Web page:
Even with all these wonderful experiences (and these are actually a snapshot as there have been many others), there have also been some really dark days in between these golden moments. Days when I've been anxious and depressed with barely the energy or motivation to get out of bed, let alone be skippy and climb a mountain. So I'm also acknowledging them as they've also been a part of this year and really part of who I am at the moment. It's an on going journey after all!

Noticing too that I still spend waaaay too long faffing about and thinking more than doing so 2018 I'll be more mindful of this and well, erm, actually allowing for it.

Going in to 2018 I'm feeling positive and optimistic. I've chosen the word Plenty (so that any time I'm feeling lacking on time or resources or well anything, I can say - I've got Plenty of xxx (time, gumption, skills etc...)

Do you have a word or a feeling you'd like to imbue 2018 with? 
If so, what is it?

I'm also going to continue with my UK Islands Project as I didn't complete the artwork during this year as I'd intended. I just didn't have the head space to do it as well as all the planning and organising that each island adventure and working part-time required. 

Lesson learnt. 

2018 will be about the creating process with the aim of having an exhibition, whatever shape that may take...

I'm also going to be going deeper not wider and a post shared by Judith Morgan (who has just written a brilliant book) has further inspired me to do this. I'll be finishing off things and reading the books I already have rather than buying new ones (I've just finished reading a book I'd bought two years ago...)

How about you?

What are your golden moments from 2017?

and what are your intentions for 2018?

Hopefully we'll get the opportunity to have some creative adventures together ;-)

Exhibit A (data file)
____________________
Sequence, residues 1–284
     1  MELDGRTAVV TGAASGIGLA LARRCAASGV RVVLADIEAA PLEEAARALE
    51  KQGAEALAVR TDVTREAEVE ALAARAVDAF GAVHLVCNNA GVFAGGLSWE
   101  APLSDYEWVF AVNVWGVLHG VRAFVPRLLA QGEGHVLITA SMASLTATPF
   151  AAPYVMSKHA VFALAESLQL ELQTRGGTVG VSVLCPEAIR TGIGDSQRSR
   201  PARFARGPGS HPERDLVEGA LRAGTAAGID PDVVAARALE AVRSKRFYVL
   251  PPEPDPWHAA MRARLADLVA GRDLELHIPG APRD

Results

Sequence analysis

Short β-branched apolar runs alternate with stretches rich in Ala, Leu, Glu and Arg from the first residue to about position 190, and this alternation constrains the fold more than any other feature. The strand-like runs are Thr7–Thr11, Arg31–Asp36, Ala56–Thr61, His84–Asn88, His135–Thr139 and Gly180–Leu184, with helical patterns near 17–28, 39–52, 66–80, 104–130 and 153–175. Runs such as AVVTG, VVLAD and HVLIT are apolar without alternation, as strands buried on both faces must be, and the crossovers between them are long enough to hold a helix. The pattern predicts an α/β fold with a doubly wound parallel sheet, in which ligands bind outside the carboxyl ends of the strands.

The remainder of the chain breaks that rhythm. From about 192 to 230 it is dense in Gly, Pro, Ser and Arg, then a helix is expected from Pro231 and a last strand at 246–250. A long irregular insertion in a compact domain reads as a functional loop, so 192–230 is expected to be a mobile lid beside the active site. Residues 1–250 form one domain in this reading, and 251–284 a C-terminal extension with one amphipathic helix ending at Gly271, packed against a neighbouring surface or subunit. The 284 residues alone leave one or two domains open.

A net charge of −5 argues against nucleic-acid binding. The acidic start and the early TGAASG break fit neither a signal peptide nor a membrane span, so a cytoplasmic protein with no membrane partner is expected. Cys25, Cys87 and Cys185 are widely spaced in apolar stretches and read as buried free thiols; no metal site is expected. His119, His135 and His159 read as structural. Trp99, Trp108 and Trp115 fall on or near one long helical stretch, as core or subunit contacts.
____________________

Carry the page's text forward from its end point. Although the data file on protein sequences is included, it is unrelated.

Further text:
Much love and creative sparkle


Thank you for being part of 2017 and making it joyful (even on those grey days) as an encouraging comment here and a smile there really does make all the difference. 
Thank you, Thank you, Thank you xx

Being on the Channel Islands news whist in Jersey was an OMG moment!

Tuesday, 29 August 2017

A Creative Adventurer is.....(complete the sentence)

A Bardsey Island Shell. Photograph by Morwhenna Woolcock

What did you think when you read...A Creative Adventurer is...?

I was thinking about this the other day and started to jot down a list..

Here's what I put..(in no particular order)

A Creative Adventurer / is...
  • curious
  • mindful
  • relishes new experiances
  • follows the 'crumbs of curiosity' 
  • sees things from a different perspective
  • notices the small things
  • savors the moment
  • makes time for sitting and looking
  • knows an adventure can begin as soon as they decide to have one
  • believes adventure comes in all shapes and sizes and can be found on their doorstep (its just a case of knowing where to look)
  • embraces the joys of nature
  • knows the journey can be as interesting as the destination
  • a seeker of wonder
  • a wonderment seeker (which wording do you prefer?)
  • loves to explore new places
  • expands the edges of their comfort zone
  • playful
  • experiments (without judgement!)
  • a detective
  • an explorer!
What else would you add? And as you know I'm a great believer in finding adventure on our doorstep. There is no need to go to far flung countries. You can even have an adventure in your lunch hour...